What a difference some exercise makes

I’ve been lax with my posting, lately, but for a very good reason — my life is chock-full of some really great developments, and I’ve been focusing on living my life, instead of writing about thinking about living my life.

The relatively recent change with me is quite noticeable, and it’s also remarkable. Both of my neuropsychs are seeing improvements in me, and I’m getting to a point where I’m thinking more and more about what else is possible in my life, and less and less about what sort of damage control I need to do.

One of the things that’s made a tremendous difference, has been exercise. Ever since I started riding the exercise bike for 15-20 minutes, first thing in the morning on Saturday, July 25th, my life has been steadily improving. What’s more, since I started riding the bike — even just for 10-15 minutes on really busy days — I have started to lose the weight I was struggling with, I’ve started lifting my free weights again, and I have more energy and more focus than I have had in years. Literally years. It’s almost too good to be true — but it is true. Something as simple as getting the blood pumping and oxygenating my brain and muscles and overall body has given me the much-needed boost I was desperately in need of for quite some time.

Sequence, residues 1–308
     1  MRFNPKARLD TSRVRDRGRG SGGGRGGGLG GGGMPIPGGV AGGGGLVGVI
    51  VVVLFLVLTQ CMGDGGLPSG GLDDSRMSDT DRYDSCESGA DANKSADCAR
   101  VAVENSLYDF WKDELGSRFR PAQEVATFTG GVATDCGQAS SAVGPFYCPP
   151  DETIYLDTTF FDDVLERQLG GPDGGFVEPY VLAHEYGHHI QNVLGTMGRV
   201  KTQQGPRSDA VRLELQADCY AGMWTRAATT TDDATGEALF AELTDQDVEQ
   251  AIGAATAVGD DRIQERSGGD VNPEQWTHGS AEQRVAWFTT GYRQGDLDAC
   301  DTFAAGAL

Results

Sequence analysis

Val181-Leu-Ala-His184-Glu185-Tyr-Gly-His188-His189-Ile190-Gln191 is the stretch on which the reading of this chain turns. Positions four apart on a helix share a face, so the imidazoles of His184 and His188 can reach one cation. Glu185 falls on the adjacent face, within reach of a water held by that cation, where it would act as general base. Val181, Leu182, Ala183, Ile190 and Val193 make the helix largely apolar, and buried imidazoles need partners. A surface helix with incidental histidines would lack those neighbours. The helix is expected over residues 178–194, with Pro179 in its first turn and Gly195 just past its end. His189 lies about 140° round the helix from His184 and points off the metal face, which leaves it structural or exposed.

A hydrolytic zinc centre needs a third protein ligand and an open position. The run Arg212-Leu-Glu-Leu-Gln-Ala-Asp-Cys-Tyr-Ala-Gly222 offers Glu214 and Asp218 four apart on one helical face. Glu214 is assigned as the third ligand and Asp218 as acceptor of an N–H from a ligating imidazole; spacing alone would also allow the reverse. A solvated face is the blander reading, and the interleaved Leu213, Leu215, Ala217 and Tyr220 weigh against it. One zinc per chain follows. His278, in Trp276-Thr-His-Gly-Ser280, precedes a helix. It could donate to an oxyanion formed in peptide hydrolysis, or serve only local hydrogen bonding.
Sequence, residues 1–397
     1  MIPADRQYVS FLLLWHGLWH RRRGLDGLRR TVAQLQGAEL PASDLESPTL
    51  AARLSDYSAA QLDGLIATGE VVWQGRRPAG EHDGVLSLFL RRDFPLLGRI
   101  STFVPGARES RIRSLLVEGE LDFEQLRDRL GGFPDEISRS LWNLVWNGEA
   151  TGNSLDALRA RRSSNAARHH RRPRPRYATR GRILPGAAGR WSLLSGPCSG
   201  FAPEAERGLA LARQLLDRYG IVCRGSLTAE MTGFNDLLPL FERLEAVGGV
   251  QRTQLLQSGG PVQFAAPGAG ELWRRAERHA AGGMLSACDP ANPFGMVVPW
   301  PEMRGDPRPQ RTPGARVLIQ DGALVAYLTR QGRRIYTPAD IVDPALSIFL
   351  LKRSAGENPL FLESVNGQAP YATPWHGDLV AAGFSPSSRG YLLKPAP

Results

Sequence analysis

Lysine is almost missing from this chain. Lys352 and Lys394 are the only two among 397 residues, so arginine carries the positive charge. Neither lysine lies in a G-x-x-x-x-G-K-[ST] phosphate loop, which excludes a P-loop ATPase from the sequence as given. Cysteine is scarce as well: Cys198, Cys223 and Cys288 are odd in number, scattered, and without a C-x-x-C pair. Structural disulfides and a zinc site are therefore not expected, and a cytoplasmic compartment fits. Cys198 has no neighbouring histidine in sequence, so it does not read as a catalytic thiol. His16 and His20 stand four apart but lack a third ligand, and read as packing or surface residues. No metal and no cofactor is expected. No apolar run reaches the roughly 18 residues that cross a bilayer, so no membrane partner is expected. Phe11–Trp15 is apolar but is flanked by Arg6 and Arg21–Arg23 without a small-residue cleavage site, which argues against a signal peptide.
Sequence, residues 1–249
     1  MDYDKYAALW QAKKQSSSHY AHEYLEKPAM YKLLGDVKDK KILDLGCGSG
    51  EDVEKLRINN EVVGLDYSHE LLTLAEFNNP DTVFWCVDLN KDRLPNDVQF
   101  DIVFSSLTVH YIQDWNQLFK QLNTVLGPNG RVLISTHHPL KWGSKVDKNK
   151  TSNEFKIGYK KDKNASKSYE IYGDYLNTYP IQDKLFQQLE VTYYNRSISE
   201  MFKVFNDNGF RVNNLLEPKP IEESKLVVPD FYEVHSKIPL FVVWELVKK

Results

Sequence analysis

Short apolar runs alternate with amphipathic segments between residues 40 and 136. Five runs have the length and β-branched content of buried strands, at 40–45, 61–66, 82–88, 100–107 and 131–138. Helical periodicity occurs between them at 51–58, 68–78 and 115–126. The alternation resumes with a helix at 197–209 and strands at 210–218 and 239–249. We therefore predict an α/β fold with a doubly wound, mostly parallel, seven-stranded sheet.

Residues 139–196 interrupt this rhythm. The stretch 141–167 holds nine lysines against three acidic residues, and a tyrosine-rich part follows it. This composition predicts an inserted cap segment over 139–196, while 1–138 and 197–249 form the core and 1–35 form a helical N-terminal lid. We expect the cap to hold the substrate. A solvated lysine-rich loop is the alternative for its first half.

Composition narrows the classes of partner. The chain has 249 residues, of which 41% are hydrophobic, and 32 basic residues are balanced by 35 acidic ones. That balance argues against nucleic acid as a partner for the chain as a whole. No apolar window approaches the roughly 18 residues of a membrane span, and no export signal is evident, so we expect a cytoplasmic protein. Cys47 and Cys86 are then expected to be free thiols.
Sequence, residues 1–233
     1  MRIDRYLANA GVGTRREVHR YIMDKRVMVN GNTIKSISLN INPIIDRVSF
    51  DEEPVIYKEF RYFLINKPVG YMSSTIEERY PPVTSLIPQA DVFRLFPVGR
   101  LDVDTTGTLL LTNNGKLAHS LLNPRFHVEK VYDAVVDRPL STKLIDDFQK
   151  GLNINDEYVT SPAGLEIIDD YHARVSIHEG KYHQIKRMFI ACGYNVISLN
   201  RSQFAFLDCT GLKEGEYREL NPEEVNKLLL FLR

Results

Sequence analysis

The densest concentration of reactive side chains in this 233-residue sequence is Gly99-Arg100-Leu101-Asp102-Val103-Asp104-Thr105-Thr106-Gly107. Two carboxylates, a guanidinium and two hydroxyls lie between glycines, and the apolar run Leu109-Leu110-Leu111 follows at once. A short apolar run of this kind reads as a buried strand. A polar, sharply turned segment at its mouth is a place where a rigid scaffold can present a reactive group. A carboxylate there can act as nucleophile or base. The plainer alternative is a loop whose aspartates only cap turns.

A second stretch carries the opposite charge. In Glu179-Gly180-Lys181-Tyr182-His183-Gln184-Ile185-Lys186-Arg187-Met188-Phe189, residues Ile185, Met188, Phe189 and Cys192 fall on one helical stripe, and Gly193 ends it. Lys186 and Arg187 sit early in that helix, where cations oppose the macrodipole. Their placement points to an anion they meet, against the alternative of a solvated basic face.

It’s interesting – when I think back over my life, to the times when I was head-injured and was incapacitated, versus the times I was head-injured and managed to make a recovery, exercise has played an important (but till now unnoticed) role.

The times when I was hurt, but managed to eventually bounce  back, were the times when I was very active and was getting a lot of energy. I was able to function in school and at work, despite my fuzziness and confusion, and I was able to improve over time. As a kid, I sustained a number of head injuries, some of them pretty disruptive. Yet, I did manage to have an active and involved childhood (all my emotional and behavior issues notwithstanding). Exercise and being active made all the difference in the world.